Former Australian captain Ricky Ponting felt "all shiny and new" as he was back at the commentary box in the Australia and West Indies opening Test on Saturday after overcoming a heart-related scare.
The two-time World Cup winning captain felt "unwell with sharp pains and dizzinnes" during the lunch break on day three of the opening Test and had to be rushed to the hospital.
"I probably scared a lot of people yesterday and had a scary moment for myself,” Ponting admitted on the Channel 7 broadcast ahead of day four on Saturday.
"I was sitting in the commentary box halfway through the stint (on day three) and got a couple of really short and sharp pains to my chest. I tried to stretch it out and get rid of it, and probably didn't want to give too much away when I was on air."
His former teammate and current commentary partner Justin Langer helped Ponting walk down the stairs to find Australian team doctor Leigh Golding, before he was rushed to the hospital.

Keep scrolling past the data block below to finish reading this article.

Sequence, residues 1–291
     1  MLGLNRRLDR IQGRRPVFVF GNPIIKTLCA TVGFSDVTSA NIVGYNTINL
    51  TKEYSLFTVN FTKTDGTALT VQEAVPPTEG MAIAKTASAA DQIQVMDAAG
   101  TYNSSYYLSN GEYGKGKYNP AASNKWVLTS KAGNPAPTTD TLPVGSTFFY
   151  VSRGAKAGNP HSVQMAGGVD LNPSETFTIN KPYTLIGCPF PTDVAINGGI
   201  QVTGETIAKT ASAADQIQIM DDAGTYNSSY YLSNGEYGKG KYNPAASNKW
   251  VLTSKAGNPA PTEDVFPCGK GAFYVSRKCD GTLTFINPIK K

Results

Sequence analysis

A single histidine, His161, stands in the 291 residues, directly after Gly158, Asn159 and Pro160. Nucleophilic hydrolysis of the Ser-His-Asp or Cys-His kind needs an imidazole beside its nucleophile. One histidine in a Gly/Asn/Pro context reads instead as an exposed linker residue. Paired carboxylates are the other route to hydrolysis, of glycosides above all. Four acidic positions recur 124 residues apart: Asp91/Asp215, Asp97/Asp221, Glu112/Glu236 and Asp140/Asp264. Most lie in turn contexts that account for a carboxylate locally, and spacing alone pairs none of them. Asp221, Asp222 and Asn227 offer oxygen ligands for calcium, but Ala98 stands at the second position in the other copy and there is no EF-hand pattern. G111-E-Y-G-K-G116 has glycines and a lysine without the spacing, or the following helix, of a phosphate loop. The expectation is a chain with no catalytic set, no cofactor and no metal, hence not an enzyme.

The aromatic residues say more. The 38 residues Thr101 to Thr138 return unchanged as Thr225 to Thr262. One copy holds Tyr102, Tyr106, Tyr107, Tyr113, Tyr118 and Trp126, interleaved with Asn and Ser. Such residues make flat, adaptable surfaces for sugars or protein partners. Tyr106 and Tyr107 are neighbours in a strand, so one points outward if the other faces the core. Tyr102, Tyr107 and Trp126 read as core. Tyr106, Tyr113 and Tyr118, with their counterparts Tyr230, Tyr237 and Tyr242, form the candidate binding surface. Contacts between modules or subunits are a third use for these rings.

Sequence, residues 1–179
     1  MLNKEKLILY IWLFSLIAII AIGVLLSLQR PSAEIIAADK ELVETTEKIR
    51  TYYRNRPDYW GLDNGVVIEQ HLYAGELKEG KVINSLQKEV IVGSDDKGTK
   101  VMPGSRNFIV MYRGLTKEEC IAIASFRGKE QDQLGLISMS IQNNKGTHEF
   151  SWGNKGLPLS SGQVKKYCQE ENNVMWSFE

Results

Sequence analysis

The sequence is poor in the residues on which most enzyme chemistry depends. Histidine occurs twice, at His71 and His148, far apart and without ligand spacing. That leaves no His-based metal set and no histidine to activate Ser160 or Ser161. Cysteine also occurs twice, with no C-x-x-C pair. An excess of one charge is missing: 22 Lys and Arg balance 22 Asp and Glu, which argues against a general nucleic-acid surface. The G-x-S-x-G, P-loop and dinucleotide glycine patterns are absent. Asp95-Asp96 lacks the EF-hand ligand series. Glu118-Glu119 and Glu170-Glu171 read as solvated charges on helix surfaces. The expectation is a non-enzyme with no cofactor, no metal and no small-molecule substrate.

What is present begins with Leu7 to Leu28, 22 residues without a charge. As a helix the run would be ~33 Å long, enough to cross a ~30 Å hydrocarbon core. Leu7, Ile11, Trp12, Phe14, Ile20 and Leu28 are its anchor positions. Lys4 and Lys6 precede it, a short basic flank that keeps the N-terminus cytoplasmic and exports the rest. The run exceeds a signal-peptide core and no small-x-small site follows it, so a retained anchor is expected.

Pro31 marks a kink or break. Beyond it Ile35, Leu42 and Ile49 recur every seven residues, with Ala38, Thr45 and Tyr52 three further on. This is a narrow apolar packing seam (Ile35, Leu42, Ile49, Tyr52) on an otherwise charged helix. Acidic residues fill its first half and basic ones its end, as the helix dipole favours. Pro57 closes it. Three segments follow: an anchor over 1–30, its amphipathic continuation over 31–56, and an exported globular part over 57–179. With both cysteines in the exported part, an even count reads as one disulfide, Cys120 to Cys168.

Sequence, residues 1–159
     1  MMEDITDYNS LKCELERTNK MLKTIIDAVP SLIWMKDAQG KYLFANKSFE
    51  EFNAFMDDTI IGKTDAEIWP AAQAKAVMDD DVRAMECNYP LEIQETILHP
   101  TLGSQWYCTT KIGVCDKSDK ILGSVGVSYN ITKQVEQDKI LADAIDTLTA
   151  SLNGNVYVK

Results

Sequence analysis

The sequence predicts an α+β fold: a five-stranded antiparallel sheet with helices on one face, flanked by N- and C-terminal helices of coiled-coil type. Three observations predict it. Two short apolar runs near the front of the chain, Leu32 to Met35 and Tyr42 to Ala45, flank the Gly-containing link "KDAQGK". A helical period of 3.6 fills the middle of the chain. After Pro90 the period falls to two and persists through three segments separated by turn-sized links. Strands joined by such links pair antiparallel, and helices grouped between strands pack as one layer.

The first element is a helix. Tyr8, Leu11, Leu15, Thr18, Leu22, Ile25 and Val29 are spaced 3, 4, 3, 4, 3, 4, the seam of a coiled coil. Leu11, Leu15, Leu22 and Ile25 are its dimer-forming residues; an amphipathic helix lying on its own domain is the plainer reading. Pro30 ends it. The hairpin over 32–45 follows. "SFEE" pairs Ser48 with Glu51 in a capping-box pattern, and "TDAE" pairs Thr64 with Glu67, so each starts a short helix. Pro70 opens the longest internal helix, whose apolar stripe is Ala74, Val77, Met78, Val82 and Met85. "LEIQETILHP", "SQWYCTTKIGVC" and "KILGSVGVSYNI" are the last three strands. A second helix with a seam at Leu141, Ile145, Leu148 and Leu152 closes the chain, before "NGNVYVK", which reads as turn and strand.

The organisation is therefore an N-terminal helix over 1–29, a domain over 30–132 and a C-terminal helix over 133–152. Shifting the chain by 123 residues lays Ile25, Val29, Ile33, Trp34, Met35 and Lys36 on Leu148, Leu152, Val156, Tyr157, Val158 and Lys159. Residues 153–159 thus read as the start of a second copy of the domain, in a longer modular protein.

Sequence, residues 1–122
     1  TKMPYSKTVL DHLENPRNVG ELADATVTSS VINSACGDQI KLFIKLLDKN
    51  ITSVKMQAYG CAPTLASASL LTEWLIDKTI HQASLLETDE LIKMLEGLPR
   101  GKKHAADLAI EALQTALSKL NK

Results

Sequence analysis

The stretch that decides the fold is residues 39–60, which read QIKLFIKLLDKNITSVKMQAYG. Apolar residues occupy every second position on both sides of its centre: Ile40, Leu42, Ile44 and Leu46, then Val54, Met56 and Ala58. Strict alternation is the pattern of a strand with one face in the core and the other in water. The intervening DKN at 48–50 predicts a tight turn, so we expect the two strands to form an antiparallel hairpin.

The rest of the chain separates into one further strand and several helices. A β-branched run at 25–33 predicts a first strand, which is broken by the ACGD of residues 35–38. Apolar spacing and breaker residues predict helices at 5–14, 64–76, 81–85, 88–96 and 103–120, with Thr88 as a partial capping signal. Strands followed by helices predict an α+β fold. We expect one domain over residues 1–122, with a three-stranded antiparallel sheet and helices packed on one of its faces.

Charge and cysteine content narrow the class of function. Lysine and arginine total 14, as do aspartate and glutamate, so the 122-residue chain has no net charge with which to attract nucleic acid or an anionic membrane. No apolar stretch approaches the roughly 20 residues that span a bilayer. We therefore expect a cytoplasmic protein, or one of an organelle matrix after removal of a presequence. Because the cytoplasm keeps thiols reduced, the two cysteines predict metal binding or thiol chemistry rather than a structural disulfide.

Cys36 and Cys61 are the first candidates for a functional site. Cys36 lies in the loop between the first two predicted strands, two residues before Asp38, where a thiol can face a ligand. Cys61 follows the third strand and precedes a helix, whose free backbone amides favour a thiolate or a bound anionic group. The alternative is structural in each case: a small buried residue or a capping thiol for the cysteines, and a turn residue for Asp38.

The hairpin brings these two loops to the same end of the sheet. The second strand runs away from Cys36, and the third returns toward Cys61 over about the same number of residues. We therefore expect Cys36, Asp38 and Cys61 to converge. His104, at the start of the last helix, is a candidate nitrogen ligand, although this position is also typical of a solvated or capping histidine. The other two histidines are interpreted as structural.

"I had a couple of those incidents, got through the stint and went to walk to the back of the commentary box and got lightheaded and dizzy and grabbed the bench.
"I mentioned to JL (Langer) on the way out, who was commentating with me, that I had had these pains in my chest and Chris Jones heard me and just reacted straight away and got me out of there. 10 or 15 minutes later, I was in the hospital getting the best treatment that I possibly could."
Ponting said he had a "relaxing" afternoon in hospital and a good sleep to recover, though the 47-year-old great said he was on high alert given the year in Australian cricket, with Shane Warne and Rod Marsh dying from shock heart attacks and Ryan Campbell also at one stage placed into an induced coma.
"I think the bottom line is, the fact that I was willing to share it with JL and the fact that your mate looks after you, I think as people of our age, we are a little reluctant to share much or talk about our health.
"I think that is a good learning curve for me yesterday, especially with what has happened in the last 12-18 months to really close people around us."